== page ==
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Aussie market falls on commodity weakness, Pendal outflows jump, coal miners surge

Daily Market Update

The local market finished the week on a negative tone, falling 0.7 per cent and taking the five day loss for the S&P/ASX200 to 1.1 per cent.

The biggest driver on Friday was a broad selloff in commodity markets following a weak economic growth result in China, the sector fell 3.2 per cent.

Iron ore continues to fall, dragging the likes of BHP (ASX: BHP) and Rio Tinto (ASX: RIO) down 3.5 and 2.9 per cent respectively with the latter reporting iron ore production in line with prior guidance but concerns about growing costs and weaker supply.

The staples and healthcare sectors both added more than 1 per cent on Friday, with gains of 1.2 and 3.5 per cent across the week.

Woolworths (ASX: WOW) and Metcash (ASX: MTS) both gained, adding 0.9 and 2.7 per cent as investors flocked to more defensive businesses amid another surge in COVID-19 cases.

Fund manager Pendal (ASX: PDL) was the lowlight, falling 7.8 per cent after the company reported significant outflows from their value-oriented funds.

The manager lost $14 billion in assets, of which $4.2 billion came in the form of withdrawals. On the positive side was WiseTech (ASX: WST) with the company gaining 7.2 per cent after upgrading earnings guidance to a 50 per cent increase on 2021 levels.

Over the week coal miners New Hope (ASX: NHC) and Whitehaven (ASX: WHC) gained 16 and 11 per cent respectively with EML and Viva Energy losing 20 and 18 per cent.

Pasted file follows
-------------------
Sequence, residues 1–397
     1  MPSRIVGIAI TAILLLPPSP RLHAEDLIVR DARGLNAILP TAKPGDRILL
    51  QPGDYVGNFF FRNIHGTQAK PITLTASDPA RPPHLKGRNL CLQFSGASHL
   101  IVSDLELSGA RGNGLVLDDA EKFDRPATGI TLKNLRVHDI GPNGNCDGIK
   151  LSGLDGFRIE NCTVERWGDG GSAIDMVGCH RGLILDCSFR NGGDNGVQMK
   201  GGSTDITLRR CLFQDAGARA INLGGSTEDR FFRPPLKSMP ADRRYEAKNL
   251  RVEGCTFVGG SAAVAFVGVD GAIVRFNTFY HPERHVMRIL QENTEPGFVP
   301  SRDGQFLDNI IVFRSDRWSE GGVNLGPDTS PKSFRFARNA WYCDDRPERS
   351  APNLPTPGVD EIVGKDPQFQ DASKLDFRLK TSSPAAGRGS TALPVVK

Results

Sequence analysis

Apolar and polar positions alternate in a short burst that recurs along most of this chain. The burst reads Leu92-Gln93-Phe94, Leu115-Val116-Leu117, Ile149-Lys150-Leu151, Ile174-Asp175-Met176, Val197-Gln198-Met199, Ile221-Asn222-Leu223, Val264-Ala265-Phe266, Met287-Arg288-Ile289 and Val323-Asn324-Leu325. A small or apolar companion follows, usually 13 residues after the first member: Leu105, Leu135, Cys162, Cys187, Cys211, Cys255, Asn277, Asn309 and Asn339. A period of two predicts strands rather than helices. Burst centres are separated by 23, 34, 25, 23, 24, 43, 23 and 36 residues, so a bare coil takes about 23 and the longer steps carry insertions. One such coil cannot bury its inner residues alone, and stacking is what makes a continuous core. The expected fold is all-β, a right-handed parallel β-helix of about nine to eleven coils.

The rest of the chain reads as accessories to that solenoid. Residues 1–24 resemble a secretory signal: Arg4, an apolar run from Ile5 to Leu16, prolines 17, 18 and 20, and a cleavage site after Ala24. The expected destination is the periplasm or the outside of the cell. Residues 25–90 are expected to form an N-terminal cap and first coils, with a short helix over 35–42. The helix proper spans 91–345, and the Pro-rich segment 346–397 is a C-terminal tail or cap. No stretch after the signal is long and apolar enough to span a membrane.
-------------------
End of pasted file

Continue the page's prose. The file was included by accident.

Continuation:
US market jumps on bank profits, recession chances increase, Fed backs down on 1 per cent hike

A strong finish to the week in US markets wasn’t enough to offset losses over the five days with the Dow Jones falling 0.2, the S&P500, 0.9 and the Nasdaq 1.6 per cent despite gains of 2.2, 1.9 and 1.8 per cent on Friday.

Mixed economic data continues to confuse the market with retail sales jumping 1 per cent in June, but primarily due to the higher cost of fuel and food, while unemployment claims hit their highest point for the year.

On a positive note, inflation expectations have dipped to the lowest level in a year, which coincided with commentary from the Federal Reserve suggesting a 1 per cent hike was unlikely. 

The standout on Friday was Citigroup (NYSE: C) with the bank jumping by more than 13 per cent and sending the financial sector to strong gains.

Revenue jumped 11 per cent and profit by 20 per cent due to far stronger than expected treasury income.

This pushed the entire banking sector higher and was enough to offset bad news on the Chinese economy.

The giant economy contracted 2.6 per cent in the second quarter, nearly double the 1.5 per cent expected, with first half GDP of just 2.5 per cent growth.

  • Commodity reversal, crypto collapse continues, is the worst already over? Commodity had been talked up as the perfect hedge against inflation throughout 2021 with many managers piling into the sector following the ‘momentum’ trade.

    This trend is starting to bite as the realisation that higher interest rates driven by inflation concerns may actually result in an economic slowdown, hitting commodity prices in the process.

    This was reflected in a continued fall in iron ore this week but more so copper, which hit a near two year low despite being one of the most supply-challenged commodities.

    The collapse of the Celsius Network, a crypto and defi exchange has continued to flush out of the excesses in the crypto and meme stock market.

    There are concerns of a US$1.8 billion deficit between the amount of crypto held in accounts and backed by the balance sheet.

    Clearly regulators have sat on their hands in relation to consumer protection in the sector.

    The biggest question of all is whether the worst is over for markets, with even the threat of a 1 per cent interest rate hike not enough to send the market lower.




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